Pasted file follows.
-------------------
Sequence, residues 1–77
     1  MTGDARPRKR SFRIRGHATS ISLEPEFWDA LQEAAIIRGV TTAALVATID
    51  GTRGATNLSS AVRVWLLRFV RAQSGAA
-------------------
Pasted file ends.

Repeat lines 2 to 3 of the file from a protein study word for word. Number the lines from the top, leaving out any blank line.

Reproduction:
     1  MTGDARPRKR SFRIRGHATS ISLEPEFWDA LQEAAIIRGV TTAALVATID
    51  GTRGATNLSS AVRVWLLRFV RAQSGAA